# Deriving the destruction energies of asteroids

I wanted to check the validity of an expression for the energy required to destroy an asteroid.

Assuming that the asteroid is spherical, the gravitational binding energy can be given as

$$U_{GBE} = 3/5 * GM^2/ R$$.

However, this is only the energy to remove aggregates away from each other. There is a required energy to destroy the asteroid in the first place where I've assumed that by breaking a certain number of bonds, the destruction energy can be given as

$$U_D = E (kJ/mol) * N * n (mol)$$

where $$E$$ is the enthalpy of the bond (or energy required to break an atom-atom bond), $$N$$ is the number of atom-atom bonds and $$n$$ is the number of moles. Would the addition of these two energies therefore be a good way to approximate the energy needed to destory an asteroid?

• (1) Destroying an asteroid isn't as useful as deflection; lots of little rocks hitting us is still bad. (2) Your addition-of-energies idea sounds reasonable, but the formula for $U_S$ isn't just multiplication because there's more than one kind of bond (ionic, covalent, metallic, hydrogen, van der Waals, each of which can be subdivided); the details vary by composition.
– J.G.
Commented Apr 12, 2023 at 13:39
• A rough heuristic is that the chemical binding energy must be substantial relative to the GBE, otherwise the body would be spherical. Commented Apr 18, 2023 at 13:40

These are good thoughts, but of course everything is more complicated in practice.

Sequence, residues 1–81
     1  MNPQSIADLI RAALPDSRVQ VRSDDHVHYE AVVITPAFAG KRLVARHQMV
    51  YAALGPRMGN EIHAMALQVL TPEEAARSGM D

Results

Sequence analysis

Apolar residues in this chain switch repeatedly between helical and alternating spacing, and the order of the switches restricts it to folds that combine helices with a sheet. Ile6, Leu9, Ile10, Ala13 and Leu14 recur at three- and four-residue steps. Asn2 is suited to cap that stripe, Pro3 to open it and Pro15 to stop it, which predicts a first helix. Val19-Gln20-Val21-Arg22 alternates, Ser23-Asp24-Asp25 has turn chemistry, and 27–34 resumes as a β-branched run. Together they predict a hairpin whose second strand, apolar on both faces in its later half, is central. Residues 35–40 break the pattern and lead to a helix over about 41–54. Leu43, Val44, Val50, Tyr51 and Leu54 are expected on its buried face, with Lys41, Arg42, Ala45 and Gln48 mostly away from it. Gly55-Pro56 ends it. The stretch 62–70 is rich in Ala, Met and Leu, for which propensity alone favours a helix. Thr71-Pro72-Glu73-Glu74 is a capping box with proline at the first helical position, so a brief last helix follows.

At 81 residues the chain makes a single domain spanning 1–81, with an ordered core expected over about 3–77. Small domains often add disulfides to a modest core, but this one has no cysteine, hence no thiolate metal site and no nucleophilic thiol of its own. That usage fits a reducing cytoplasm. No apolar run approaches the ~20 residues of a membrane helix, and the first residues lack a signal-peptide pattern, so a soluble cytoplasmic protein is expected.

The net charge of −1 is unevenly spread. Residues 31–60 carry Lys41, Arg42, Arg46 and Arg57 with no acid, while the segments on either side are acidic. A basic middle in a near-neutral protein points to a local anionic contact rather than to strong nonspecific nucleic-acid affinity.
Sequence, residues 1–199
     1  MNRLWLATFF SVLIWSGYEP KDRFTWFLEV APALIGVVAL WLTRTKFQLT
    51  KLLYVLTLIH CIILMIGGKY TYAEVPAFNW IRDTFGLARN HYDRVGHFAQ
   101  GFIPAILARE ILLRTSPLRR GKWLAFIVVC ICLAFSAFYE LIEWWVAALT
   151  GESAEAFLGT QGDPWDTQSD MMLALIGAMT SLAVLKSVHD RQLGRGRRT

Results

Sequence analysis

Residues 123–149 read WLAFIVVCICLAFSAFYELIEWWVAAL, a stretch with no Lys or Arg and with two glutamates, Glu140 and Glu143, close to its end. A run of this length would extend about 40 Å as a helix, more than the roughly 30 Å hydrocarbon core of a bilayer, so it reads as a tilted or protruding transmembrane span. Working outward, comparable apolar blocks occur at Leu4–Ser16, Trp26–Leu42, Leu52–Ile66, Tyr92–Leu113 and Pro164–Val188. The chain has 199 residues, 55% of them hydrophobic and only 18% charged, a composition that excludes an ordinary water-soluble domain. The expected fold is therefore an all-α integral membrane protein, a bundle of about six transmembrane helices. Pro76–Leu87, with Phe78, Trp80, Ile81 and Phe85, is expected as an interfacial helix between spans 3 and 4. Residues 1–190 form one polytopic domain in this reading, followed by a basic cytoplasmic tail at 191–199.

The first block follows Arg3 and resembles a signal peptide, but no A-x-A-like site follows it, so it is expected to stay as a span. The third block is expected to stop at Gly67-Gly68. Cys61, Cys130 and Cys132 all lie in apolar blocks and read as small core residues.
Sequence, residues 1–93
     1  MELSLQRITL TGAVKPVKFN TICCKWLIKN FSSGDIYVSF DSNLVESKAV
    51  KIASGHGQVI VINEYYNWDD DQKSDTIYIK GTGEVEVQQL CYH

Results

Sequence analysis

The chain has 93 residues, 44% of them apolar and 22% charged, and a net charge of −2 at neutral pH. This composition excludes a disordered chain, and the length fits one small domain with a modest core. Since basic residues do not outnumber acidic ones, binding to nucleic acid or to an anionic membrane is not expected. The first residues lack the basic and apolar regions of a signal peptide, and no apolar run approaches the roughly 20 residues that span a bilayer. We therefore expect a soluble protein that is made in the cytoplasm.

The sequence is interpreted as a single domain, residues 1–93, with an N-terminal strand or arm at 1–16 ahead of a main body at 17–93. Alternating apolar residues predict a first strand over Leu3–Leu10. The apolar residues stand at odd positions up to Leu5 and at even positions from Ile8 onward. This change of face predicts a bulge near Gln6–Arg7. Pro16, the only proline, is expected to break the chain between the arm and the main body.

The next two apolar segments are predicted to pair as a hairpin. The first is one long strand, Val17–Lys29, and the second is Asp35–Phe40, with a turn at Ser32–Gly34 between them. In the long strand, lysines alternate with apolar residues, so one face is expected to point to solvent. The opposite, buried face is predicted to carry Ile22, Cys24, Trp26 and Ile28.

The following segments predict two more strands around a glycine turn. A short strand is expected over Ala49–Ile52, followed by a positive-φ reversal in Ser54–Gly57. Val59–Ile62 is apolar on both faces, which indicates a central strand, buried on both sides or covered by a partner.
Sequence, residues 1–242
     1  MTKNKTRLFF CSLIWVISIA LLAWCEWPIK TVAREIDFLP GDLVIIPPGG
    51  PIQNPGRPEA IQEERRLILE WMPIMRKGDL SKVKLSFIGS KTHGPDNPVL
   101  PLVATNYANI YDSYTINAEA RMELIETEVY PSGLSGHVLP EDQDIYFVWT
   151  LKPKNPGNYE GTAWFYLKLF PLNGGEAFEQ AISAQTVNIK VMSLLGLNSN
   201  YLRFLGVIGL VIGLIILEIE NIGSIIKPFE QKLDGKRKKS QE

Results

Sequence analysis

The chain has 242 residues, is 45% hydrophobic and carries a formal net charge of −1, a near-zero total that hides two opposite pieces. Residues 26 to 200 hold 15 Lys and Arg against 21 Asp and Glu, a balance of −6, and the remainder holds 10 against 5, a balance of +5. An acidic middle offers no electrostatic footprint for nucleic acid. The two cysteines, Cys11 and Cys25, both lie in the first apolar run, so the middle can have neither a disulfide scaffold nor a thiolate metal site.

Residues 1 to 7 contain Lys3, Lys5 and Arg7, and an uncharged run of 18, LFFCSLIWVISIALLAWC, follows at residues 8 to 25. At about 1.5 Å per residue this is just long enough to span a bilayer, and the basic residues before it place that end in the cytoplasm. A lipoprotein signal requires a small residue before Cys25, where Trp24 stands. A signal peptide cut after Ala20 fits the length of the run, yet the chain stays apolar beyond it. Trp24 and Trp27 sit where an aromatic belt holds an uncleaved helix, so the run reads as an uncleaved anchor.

The gravitational binding energy is right. After you break it up into separate atoms, that is the energy needed to move each atom an infinite distance from all the others.

Suppose you break it up into small rocks. The energy needed to separate each rock an infinite distance from the others isn't much different. You can see that by calculating the binding energy of a rock and multiplying by the number of rocks.

The energy needed to break bonds is a reasonable thought. But some asteroids are snowballs. Some are loose conglomerations of rubble. Some are solid nickel-iron where the composition is like the core of a planet. Some are solid rocks like the crust of a planet.

If you think of energy per bond and how many bonds, you are implicitly thinking about a material like a perfect crystal, where all the bonds are the same. Even in a crystal, imperfections determine the strength. A perfect crystal of iron is much, much stronger than iron we use every day.

Another problem is how much of the energy you bring to the asteroid will go into breaking bonds and separating pieces?

If you attach a rocket to each piece, you have to consider the efficiency of rockets. If you make a big explosion inside the asteroid, you might model that as suddenly converting some explosive into hot gas. How much energy goes into heat? How efficient is gas at pushing pieces?

For breaking bonds, suppose you swing a sledge hammer at a rock. How much of the kinetic energy goes into breaking bonds? If you hit soft clay, bonds are broken and rearranged, but you still have one piece. If you hit glass, the result is more what you want, but it still isn't straightforward to figure out efficiency.

Some of these things can be handled by measurement. Hit a rock and measure how much energy it takes to break it. Set off an explosive and measure the kinetic energy of flying pieces. It might be a challenge to figure out how to make these measurements. But once you do, you begin to have realistic data.